This is the fourteenth blog in a series on COVID-19 and lockdown, edited by firstname.lastname@example.org and email@example.com
Looking back over the past year
We can all look back and consider what a difference a year makes. I have been your President for just over a year now I have been considering this from the perspective of some images I was viewing just one year ago. They all have history but it is the contemporary relevance that continues to resonate with me.
Let's start with the trigger for these thoughts. In addition to being RPS President I lead the UK group on International Standards for Photography. I have spent a lot of time recently on (virtual) meetings with delegates from around the globe. In that respect it seems very similar to the recent RPS.
It seems like a world away now but this time last year we were meeting in Washington DC. The topic was photographic image permanence and one of my colleagues, Sarah Wagner from the National Gallery of Art suggested I visit their Eye of the Sun exhibition. Awesome display that sent many thoughts rolling but let me share one of the themes in four images.
Above is the first image, seen through the Eye of the Sun. It was taken in the 1880s by the Florentine Alinari family photographers of an area in Pisa subsequently destroyed by war. Photography depicting art in stone, with a conflict overtone. Sarah was conserving art, here was conflict destroying it.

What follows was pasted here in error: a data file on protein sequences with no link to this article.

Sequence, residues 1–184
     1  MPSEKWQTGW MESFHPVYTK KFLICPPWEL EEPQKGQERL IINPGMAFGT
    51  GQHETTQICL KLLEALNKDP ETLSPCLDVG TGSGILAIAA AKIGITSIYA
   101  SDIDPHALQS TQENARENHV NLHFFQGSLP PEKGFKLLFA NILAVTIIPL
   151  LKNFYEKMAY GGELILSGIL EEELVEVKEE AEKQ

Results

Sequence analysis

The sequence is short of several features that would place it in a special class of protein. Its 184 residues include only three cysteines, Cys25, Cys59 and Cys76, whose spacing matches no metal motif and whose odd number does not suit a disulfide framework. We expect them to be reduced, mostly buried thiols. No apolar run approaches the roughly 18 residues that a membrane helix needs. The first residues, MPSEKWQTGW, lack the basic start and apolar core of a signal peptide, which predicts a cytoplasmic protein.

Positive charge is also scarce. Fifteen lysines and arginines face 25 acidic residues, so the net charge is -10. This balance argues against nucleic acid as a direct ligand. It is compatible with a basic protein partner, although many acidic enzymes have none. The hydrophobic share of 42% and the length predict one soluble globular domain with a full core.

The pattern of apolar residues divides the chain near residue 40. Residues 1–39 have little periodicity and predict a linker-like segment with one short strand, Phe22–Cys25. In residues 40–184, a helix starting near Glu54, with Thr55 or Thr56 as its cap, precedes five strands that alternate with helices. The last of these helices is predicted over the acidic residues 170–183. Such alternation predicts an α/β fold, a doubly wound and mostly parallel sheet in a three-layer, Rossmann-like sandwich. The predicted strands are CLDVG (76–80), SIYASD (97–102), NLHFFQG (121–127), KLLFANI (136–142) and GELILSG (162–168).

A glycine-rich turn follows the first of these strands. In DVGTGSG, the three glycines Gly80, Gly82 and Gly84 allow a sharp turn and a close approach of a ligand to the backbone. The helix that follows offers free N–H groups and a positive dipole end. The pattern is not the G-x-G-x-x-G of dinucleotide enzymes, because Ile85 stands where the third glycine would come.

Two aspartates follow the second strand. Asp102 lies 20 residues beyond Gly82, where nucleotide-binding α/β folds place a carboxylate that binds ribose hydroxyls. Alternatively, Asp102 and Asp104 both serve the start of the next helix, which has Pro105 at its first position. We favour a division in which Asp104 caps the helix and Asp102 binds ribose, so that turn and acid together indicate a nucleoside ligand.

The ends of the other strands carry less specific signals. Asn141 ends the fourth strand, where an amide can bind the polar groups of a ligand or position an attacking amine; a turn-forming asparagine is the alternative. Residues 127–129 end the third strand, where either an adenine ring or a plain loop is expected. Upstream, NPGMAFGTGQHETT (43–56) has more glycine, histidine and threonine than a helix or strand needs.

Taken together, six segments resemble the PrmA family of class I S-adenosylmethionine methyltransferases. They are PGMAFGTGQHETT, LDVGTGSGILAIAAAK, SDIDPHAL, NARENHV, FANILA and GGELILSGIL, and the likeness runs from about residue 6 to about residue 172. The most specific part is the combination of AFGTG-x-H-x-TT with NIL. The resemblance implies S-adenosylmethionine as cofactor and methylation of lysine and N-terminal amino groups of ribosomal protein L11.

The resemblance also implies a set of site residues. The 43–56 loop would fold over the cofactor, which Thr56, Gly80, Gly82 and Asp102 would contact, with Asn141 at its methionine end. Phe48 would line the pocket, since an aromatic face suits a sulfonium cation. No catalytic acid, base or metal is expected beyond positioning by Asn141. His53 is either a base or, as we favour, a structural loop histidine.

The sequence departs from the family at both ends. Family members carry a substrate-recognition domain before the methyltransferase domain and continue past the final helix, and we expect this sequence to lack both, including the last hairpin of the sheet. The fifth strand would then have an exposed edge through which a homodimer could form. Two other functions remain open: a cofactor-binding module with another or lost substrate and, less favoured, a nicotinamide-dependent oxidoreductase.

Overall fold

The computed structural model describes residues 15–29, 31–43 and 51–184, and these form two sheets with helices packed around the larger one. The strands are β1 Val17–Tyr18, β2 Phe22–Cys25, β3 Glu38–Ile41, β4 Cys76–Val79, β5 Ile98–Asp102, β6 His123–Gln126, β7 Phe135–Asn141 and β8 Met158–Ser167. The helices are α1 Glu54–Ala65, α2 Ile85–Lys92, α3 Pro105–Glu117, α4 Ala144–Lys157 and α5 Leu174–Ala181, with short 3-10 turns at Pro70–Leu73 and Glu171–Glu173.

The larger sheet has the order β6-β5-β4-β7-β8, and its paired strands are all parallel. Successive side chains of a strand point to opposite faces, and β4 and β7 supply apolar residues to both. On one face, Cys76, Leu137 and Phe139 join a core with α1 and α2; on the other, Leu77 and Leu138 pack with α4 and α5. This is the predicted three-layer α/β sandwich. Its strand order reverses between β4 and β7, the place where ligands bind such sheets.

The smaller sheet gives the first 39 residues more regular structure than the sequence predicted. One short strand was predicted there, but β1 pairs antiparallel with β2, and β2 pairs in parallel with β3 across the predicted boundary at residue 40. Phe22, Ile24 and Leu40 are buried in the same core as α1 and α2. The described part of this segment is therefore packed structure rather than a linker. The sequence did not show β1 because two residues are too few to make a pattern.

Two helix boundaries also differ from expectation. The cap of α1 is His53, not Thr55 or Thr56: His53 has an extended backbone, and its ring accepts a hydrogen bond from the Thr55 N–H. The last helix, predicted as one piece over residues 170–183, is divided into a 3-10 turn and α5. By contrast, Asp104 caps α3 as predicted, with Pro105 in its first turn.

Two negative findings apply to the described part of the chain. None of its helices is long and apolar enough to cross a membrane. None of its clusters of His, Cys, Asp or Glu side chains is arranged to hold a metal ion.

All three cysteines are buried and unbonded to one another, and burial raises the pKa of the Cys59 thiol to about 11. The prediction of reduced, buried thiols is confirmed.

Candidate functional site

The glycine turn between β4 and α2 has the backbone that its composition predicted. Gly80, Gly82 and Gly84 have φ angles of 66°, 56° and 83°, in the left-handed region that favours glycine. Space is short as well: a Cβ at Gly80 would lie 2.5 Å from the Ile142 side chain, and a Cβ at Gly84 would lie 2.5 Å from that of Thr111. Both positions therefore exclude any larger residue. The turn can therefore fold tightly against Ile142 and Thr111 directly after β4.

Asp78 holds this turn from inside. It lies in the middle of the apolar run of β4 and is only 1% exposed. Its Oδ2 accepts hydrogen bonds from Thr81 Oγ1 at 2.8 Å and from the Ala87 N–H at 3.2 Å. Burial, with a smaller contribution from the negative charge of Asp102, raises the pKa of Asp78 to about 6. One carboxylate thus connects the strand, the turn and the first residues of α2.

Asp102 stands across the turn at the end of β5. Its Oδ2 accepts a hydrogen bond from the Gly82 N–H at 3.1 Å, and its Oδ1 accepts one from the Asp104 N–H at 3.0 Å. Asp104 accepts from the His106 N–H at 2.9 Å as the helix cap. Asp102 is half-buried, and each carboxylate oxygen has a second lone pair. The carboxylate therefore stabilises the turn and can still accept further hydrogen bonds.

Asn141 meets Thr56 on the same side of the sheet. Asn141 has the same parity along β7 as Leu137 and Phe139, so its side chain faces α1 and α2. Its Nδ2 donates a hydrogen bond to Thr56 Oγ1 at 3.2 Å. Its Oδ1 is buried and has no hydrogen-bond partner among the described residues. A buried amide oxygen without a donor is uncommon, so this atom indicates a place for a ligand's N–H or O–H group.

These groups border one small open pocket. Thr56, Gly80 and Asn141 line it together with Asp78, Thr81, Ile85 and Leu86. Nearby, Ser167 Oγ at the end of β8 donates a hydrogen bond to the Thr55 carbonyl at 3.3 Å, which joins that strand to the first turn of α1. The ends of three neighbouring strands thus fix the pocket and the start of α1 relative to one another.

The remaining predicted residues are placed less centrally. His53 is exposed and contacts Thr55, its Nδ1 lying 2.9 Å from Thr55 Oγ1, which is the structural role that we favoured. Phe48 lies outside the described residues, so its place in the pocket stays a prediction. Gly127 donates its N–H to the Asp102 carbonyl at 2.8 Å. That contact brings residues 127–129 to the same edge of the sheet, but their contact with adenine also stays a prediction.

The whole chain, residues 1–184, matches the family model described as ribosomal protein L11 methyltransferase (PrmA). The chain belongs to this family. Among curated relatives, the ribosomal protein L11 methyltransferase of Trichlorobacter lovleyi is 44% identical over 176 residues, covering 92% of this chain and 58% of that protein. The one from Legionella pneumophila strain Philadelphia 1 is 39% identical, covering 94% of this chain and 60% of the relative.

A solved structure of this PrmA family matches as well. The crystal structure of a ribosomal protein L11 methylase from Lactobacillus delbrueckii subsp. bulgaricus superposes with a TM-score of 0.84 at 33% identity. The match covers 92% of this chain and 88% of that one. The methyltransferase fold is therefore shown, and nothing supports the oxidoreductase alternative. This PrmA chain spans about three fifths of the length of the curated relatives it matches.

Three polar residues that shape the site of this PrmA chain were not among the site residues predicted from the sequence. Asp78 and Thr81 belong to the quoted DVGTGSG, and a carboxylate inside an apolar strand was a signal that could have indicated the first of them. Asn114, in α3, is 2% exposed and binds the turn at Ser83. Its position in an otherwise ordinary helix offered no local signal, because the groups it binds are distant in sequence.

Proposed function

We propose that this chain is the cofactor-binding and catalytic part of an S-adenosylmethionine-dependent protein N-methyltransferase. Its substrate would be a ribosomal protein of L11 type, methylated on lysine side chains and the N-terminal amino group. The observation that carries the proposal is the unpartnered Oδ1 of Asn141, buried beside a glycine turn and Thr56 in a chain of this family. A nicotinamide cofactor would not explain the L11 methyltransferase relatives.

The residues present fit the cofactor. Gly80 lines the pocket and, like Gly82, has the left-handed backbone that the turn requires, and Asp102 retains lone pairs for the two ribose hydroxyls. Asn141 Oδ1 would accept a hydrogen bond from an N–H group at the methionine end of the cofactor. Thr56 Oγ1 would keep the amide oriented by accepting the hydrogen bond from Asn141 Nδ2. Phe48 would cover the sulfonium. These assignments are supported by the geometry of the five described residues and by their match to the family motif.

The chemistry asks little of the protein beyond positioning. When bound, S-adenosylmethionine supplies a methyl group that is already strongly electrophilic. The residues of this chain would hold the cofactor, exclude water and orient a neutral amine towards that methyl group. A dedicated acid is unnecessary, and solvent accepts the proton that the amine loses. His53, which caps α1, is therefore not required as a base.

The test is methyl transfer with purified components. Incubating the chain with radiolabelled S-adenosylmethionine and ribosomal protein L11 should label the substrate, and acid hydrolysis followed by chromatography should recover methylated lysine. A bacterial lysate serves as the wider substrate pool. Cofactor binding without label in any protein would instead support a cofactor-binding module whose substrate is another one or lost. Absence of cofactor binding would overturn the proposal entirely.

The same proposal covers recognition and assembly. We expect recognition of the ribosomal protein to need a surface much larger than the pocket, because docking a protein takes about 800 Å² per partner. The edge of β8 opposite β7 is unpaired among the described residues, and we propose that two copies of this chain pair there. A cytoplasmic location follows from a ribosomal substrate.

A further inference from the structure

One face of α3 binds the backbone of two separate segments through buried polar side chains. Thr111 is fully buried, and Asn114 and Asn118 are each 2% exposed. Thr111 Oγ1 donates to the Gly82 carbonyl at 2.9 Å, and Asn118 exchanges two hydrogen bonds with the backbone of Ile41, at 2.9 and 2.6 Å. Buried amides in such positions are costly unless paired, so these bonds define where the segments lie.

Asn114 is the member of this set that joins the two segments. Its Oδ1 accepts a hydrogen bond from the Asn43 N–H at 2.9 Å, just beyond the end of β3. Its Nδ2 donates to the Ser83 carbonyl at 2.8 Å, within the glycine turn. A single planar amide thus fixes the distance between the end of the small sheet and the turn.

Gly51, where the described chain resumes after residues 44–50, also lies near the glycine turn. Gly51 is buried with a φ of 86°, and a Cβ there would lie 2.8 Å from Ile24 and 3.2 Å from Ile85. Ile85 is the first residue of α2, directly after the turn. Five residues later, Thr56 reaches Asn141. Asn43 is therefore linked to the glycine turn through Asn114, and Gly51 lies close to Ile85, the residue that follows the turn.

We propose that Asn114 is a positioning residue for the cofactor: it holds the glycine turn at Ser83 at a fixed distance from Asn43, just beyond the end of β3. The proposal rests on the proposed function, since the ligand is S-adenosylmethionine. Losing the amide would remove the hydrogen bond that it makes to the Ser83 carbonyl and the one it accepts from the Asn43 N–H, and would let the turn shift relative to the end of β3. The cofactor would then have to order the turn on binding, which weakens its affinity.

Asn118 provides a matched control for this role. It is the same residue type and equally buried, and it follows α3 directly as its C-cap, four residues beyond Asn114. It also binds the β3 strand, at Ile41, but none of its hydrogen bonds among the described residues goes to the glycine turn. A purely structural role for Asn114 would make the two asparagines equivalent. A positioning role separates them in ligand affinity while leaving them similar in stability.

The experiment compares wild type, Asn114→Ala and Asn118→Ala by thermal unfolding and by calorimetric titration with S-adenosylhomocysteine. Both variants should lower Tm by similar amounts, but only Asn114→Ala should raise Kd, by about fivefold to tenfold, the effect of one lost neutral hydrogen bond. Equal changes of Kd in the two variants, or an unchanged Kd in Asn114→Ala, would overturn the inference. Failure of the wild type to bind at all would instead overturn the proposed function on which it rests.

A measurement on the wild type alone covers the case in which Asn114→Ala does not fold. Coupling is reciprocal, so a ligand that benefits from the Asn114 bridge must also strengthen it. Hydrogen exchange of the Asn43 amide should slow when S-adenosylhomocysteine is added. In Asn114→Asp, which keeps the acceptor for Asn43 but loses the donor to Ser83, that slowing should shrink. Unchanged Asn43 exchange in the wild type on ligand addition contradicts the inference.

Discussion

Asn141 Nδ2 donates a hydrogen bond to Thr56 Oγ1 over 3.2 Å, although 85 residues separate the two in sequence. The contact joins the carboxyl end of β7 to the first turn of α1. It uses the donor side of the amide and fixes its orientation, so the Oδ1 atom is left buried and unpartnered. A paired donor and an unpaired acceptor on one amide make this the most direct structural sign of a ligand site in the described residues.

I left the gallery as it closed as I had another artefact to view. I walked past the city monuments and on my journey an image on a war memorial captured my attention. It depicts documentary photography of a significant event recorded in metal for future generations. Art depicting photography, again with a conflict theme.
The conflict theme worked with me at that time. I had suddenly ascended to the Presidency prompted by a resignation after six weeks in office. There was significant conflict within the RPS that would be my job to sort. I remembered a quotation from a previous (US) President that I was considering and there was the opportunity to do it within his memorial. Here is the third image, taken within the Jefferson memorial. Emblazoned on the wall was the thoughts I was seeking. Jefferson before me had recognised that there are times when change is necessary to break with the past and move forward.
The Jefferson memorial was covered in scaffolding when I visited which had another message for me. The roof was leaking and the writing on the wall was being damaged. Fine words only go so far - understanding the issues and making a suitable response is important. To move on we had to resolve the conflict.
We were meeting that week in the building of the National Archives and more letters carved in stone had the solution for me. I will not be the last to be inspired by the writings of Shakespeare but it must surely be unusual to go all the way to Washington DC to receive it.
The National Archives use this quote extensively "What is past is prologue"; the idea that history puts the present in context. This took me back to the full version of the Shakespeare quote. "What's past is prologue; what to come, In yours and my discharge". My interpretation is that the past informs us; what we do next is up to us.
On my return we set this in motion. An election review. A governance review. And then the pandemic.
We can choose to break with the past and move on. The response to the pandemic has shown us new options to engage with a wider, international audience through on-line offerings. The future is indeed in yours and my discharge.
Other blogs in this series: